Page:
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The effect of 6-Benzyladenine on adventitious shoot formation by Lycopersicon species in vitro.

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Lycopersicon esculentum Mill. cv. Rodade was developed in South Africa for the fresh produce market. This cultivar is also of major importance for South African tomato breeding programmes because of its resistance to bacterial wilt. In this study, aspects of the effects of 6-benzyladenine on adventitious shoot formation by both L. esculentum cv. Rodade and Lycopersicon peruvianum Mill. were studied in vitro. These included the regeneration of adventitious shoots, the effects of different incubation times, the uptake and metabolism of BA and the effect of auxin on the metabolism of BA in both leaf and callus tissue of the two species. Adventitious buds could be regenerated on all tissue types except for callus tissue of L. esculentum. A stepwise increase in the percentage shoots produced was observed indicating a period of induction wherein incubation on a medium containing BA is beneficial to the production of shoots. Leaf tissue was more responsive to BA treatments than callus tissue of both species. The main route of BA metabolism in both species is from BA to [9R]BA and [9R-MP]BA. Callus tissue of L. esculentum cv. Rodade however converted BA to the 3- and 9- glucosides of BA rather than to metabolically active forms of the cytokinin. The auxin, indole-3-acetic acid, played a definite role in the conversion of BA to [3G]BA and [9G]BA in leaf tissue of the tomato cultivar tested, but had no effect in callus tissue of this species.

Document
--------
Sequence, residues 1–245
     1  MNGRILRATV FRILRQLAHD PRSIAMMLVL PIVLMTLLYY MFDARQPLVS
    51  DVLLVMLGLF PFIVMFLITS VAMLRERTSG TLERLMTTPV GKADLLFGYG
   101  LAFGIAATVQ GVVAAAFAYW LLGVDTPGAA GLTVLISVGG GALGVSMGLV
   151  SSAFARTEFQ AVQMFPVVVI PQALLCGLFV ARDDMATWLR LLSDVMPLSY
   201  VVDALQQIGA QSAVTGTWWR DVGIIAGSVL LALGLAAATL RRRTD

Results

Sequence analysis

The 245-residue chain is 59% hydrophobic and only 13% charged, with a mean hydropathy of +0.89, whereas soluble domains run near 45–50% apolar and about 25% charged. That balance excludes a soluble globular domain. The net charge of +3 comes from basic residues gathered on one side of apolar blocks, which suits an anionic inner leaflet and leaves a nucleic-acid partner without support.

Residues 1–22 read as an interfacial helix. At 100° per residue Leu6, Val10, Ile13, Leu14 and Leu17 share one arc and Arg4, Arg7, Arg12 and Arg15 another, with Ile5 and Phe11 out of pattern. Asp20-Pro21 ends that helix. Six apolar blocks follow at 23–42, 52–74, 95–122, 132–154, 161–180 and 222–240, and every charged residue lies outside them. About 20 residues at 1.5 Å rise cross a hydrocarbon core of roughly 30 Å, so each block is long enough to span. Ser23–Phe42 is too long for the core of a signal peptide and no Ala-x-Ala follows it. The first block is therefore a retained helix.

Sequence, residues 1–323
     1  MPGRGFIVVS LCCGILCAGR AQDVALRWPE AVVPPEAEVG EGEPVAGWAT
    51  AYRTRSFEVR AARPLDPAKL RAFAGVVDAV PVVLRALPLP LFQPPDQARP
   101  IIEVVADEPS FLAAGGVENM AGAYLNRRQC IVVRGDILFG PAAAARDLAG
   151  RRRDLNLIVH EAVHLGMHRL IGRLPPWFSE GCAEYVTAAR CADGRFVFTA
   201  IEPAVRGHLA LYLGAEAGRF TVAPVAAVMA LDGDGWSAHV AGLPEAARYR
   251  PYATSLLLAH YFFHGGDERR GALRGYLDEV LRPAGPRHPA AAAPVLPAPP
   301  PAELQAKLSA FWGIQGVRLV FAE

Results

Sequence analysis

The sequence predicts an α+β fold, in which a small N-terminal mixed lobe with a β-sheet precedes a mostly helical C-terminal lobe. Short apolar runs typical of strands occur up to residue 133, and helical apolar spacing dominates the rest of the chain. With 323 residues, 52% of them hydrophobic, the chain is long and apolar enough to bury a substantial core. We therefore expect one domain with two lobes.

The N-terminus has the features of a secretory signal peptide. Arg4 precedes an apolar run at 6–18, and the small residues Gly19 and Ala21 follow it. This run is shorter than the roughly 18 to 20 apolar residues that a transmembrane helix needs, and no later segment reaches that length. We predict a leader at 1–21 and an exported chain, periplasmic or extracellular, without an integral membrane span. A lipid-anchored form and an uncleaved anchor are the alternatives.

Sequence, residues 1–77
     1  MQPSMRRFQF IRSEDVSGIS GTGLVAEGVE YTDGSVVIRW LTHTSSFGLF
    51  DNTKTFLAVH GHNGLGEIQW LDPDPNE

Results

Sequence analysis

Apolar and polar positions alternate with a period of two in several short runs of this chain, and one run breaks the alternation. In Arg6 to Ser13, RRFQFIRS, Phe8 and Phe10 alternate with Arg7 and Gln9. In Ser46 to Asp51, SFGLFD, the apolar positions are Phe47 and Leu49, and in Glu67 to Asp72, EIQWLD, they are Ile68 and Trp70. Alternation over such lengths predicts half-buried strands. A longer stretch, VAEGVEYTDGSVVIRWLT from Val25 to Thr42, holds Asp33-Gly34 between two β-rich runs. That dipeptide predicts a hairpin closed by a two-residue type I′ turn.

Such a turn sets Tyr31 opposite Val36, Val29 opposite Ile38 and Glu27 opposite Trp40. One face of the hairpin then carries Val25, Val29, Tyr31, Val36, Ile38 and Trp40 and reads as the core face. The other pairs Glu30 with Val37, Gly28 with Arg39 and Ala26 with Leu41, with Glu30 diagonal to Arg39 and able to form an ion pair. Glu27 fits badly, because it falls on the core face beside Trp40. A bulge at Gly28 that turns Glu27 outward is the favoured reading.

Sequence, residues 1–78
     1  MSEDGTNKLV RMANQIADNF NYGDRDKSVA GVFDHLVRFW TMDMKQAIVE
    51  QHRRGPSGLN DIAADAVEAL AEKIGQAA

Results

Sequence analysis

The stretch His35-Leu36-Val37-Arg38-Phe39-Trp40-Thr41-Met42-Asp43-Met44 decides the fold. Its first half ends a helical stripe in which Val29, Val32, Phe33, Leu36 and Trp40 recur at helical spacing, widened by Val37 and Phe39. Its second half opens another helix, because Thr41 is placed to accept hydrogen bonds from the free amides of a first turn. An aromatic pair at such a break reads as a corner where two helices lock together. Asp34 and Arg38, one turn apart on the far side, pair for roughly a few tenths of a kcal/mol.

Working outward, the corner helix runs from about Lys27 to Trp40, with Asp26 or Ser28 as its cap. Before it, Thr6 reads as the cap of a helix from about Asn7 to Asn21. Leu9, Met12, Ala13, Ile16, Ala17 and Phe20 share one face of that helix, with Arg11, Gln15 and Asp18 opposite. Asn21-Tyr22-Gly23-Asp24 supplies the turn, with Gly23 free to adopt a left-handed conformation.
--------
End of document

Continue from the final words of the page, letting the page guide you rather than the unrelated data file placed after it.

Thesis (Ph.D.)-University of Natal, Pietermaritzburg, 1993.


Lycopersicon spp., Roots (Botany), Tomatoes--Genetics., Tomatoes--Biotechnology., Tomato breeding., Theses--Botany.